Hold onto your hard hats, Bob the Builder is coming to Blackfriars. Well, sort of.
Construction of the new UTS Child Care (UTSCC) centre is set to start next month. The first step, building a pedestrian pathway off Buckland Street – the new entry and exit point for visitors – has already begun.
According to UTSCC CEO Debra Clarke, a lot has changed since the current centre was built 21 years ago. “This was a great design in its day, but thinking around childcare environments has moved on.”
So too has the demand for childcare places. “We have 500 children on our waiting list. While we do prioritise UTS staff and students, even they have to wait, at times depending on the age of the child, up to two years.”
For Clarke, and UTS, it just wasn’t good enough. The solution? A new state-of-the-art, purpose-built building that raises the centre’s capacity from 50 to 84 places. (UTSCC’s other centre, Magic Pudding, has already expanded from a 40- to 61-place centre.)
“It’s going to be beautiful,” enthuses Clarke. “During the concept phase of the project the design architect, Thierry Lacoste, talked a lot about the fact that children come from homes and that when you put many homes together you end up with something like a childcare centre. His design references the roof pitch of many homes coming together, and it really works nicely on this site because of the heritage buildings.”
Senior Project Manager in Facilities Management Operations (FMO) Angie Clements agrees. “The design of the centre within the heritage precinct is very clever. Whilst it’s playful, it still complements the heritage style. It’s a much more respectful treatment than copying the heritage style and putting in a building that's fake; one that looks old when it's actually not.”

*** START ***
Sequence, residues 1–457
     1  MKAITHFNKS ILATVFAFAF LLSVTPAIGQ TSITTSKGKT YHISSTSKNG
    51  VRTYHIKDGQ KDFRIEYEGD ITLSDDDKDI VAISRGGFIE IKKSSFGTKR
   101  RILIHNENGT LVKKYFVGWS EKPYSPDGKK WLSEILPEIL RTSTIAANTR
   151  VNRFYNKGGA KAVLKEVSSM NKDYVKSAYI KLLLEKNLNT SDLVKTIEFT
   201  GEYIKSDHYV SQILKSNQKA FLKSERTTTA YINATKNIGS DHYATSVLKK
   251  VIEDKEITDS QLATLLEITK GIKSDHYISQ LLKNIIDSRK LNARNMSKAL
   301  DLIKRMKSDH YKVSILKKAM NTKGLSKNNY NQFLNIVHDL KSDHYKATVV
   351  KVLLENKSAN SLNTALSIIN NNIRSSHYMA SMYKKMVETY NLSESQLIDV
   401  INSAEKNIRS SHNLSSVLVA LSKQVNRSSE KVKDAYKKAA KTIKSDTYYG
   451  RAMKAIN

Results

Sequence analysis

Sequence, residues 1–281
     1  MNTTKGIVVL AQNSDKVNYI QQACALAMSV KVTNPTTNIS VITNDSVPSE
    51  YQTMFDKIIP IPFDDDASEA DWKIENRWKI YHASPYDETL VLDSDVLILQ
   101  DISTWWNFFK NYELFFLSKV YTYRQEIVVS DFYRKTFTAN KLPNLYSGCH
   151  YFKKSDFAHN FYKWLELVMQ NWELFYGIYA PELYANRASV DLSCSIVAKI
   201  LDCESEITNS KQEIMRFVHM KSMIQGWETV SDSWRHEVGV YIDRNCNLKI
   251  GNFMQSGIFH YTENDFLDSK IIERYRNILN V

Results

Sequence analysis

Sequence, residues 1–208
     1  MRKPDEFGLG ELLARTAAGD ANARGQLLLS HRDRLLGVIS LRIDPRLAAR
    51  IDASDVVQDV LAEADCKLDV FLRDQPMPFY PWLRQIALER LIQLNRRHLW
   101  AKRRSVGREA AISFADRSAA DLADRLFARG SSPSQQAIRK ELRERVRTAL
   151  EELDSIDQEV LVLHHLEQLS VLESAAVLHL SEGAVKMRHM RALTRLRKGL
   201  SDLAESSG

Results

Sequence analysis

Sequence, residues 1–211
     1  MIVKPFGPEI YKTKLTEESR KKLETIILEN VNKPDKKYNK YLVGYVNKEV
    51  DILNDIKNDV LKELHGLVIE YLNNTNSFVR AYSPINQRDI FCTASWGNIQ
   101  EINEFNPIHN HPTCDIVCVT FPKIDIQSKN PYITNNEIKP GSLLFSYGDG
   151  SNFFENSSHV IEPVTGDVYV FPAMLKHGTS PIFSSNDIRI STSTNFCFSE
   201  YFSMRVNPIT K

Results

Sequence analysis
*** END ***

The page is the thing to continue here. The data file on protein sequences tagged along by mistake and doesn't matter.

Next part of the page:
Of course, the building (due to open mid-2017) will be functional too. The design will maximise natural ventilation and air flow, increase the number of playrooms from two to five and include a commercial-grade kitchen, dedicated servery and dining room.
Outside, a larger playground will enable children under two to play in a separate area from those aged two to five. Vegetable gardens and a visible rain tank will help children learn about the environment, as will Rosie and Sarah – the centre’s Bantam chickens – who are set to reap their own benefits with a brand new coop.
“Part of our philosophy is that children don't need bright, plastic surroundings. They need nature-based environments.
That’s one of the reasons, says Clarke, “We'll be keeping some of the mature trees on the site and planting new mature trees. We're hoping to get a lot of our shade in the playground through mature planting.”
The excavation and construction phases of the project will also include “a bit of quiet time” between 12pm and 2pm when highly intrusive noise will not be allowed.
“It doesn't mean we're stopping works completely,” explains Clements. “But it was important for the kids, the staff and the residents on the other side of the street to have a little bit of respite.”
“That’s been one of the real benefits of working with the UTS Facilities Management team,” adds Clarke, “they've always been really approachable and aware of our special clientele.”
Though the redevelopment will mean less on-site parking, Clarke says parents are “overwhelmingly” excited. So too are the children. “Children love diggers! They’re very interested in what's going to happen and I think that's a major opportunity for learning.”
It’s something FMO are keen to help foster, where they can. “We actually have some old hard hats here – because they do go out of date – so I'll be taking them down and giving them to the kids,” enthuses Clements.
“I think the children are going to be the most excited clients we’ve had! Even though I can’t guarantee any of the builders will actually be named Bob.”